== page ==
Exercises for Calf Pain

Author: Brooke Carmen, PT, DPT: Doctor of Physical Therapy and Blog Contributor.  Loves fun informational gems.  Fitness addict and wannabe foodie. Emphasizes patient-specific treatment style and promotes goal-oriented care. Learn more about Brooke on here.


If you have pain in your calf, there are a few things that you need to know. The first things is that the calf is considered  a “watershed” area of the body. What that means is that there is poor blood supply. If any area has poor blood supply, then healing usually takes longer. When there is more blood flow to an area, the muscles in the area can heal more quickly.

I’m an avid soccer player. I’ve had calf pain that would make me stop playing after half the game. At first I did what I tell most people NOT to do...I tried to just tough it out. When that wasn’t working I decided to play around with different exercises and it make a big difference (I don’t have any calf pain anymore).  I want to share what has worked with you as well.

  • Eccentric calf raises. The big key to this that you have to exercise your calf to the pain that it hurts. Eccentric calf raises involves raising up on your calves as high as possible and then SLOWLY lowering down to the floor. In order for the exercise to be an eccentric exercise, you must slowly lower lower your body weight to the floor.

    • You need to do the exercise until it hurts. I’m speaking for those who already have calf pain. If you have calf pain, this exercise should reproduce the pain that you’re already having. Believe it or not, that’s actually a good thing. This is the SINGLE most important exercise for calf pain. If you only have time for one exercise, do this one. Take a look at what the exercise looks like below:


  • Calf stretching. Many times the muscles in your calves can also be tight. Specifically, the gastrocnemius and the soleus muscles. Stretching these muscles helps increase the muscle length to an optimal position. When a muscle is in its optimal position, it can contract and relax in a normal fashion. When a muscle is too tight, it is always in a shortened position and cannot optimally contract. The same is true for when a muscle is in a lengthened position. If the muscle is too lengthened, it cannot contact as efficiently as it could and over time, this could result in calf pain.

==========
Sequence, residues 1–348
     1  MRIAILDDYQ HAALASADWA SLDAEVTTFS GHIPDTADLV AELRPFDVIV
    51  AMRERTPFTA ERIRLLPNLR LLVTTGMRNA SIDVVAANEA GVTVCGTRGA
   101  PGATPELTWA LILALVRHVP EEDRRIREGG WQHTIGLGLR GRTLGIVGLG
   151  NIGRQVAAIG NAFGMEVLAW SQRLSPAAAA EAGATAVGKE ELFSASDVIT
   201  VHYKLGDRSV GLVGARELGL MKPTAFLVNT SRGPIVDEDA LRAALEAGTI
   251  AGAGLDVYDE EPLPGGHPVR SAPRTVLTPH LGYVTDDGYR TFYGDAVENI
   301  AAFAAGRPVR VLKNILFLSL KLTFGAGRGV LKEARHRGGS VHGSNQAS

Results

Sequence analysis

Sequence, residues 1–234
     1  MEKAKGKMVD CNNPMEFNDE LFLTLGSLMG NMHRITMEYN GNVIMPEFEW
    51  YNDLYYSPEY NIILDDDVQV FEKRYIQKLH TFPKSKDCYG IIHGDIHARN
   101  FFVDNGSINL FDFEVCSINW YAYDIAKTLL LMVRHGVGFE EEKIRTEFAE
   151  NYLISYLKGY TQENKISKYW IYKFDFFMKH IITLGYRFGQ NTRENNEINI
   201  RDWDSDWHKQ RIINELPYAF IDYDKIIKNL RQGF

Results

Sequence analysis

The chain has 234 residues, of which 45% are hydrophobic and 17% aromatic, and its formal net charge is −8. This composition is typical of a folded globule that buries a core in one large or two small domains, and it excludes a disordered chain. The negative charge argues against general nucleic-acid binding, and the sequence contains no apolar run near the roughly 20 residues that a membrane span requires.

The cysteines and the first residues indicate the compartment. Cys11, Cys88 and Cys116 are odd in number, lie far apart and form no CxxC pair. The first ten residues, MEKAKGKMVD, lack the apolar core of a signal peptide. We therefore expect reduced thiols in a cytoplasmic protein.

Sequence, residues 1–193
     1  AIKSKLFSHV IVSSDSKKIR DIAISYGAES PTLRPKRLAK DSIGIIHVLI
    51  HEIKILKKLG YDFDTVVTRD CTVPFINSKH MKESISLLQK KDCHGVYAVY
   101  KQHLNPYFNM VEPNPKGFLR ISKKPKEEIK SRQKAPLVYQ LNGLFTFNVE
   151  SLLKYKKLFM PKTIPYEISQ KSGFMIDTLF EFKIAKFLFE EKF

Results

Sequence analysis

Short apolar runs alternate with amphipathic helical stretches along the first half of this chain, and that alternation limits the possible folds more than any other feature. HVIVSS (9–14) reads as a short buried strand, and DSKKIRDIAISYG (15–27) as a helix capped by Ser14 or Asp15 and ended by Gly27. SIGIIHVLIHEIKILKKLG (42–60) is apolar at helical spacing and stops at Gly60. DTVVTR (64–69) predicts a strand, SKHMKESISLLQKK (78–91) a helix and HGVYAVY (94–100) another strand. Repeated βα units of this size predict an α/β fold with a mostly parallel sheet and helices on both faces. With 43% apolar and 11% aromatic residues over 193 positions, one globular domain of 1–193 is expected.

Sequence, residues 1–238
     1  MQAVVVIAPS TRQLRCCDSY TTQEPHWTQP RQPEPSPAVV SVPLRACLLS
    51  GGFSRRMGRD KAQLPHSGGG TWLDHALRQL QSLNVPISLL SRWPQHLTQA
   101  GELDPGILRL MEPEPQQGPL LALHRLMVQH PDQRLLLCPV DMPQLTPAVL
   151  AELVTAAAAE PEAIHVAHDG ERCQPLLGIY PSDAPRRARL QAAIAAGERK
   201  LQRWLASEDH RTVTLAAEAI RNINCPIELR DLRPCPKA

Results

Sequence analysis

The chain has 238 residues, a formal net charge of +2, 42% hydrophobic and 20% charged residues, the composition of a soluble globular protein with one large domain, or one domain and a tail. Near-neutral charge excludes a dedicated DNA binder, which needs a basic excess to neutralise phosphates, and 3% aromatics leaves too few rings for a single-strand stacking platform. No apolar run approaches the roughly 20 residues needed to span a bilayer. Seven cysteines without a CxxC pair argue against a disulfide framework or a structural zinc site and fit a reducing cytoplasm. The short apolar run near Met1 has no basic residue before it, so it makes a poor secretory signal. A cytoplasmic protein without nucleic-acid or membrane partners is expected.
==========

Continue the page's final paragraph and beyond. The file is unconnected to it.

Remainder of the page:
• Gluteus maximus, medius and minimus (glute) strengthening. A recent study found that those who have calf pain, don’t have the same muscle firing power in their gluteus muscles than those without calf pain. Strengthening the gluteus muscles of your hips has an important, albeit indirect effect on calf function and pain. Here are a couple glute exercises that you can try on for size:

  • Nitrous oxide patches. The good news is that nitric oxide patches improve blood flow to the area with poor blood flow. I mentioned earlier that the calf is a watershed area. That means blood flow is very poor in the area. Nitric oxide vasodilates blood vessels (it opens up blood vessels), and in turn, there is more blood flow to an area. Adding this to your training can greatly help with your recovery from calf pain. There is a caveat to using nitric oxide patches. After about 4 hours, you’ll start to develop a low grade headache that won’t go away until about 2 hours after the patch is taken off at the end of the day. You will need to talk to your primary care provider before you attempt to use these patches for calf rehabilitation. It’s especially important to talk to your doctor if you have had any cardiovascular issues in the past, because his medication affects the blood vessels in your body.

Calf pain can be very frustrating and affect many daily and recreational activities that improve an individual's quality of life. If you start having pain in your calf and more specifically, your Achilles tendon, it's best to seek treatment sooner rather than later.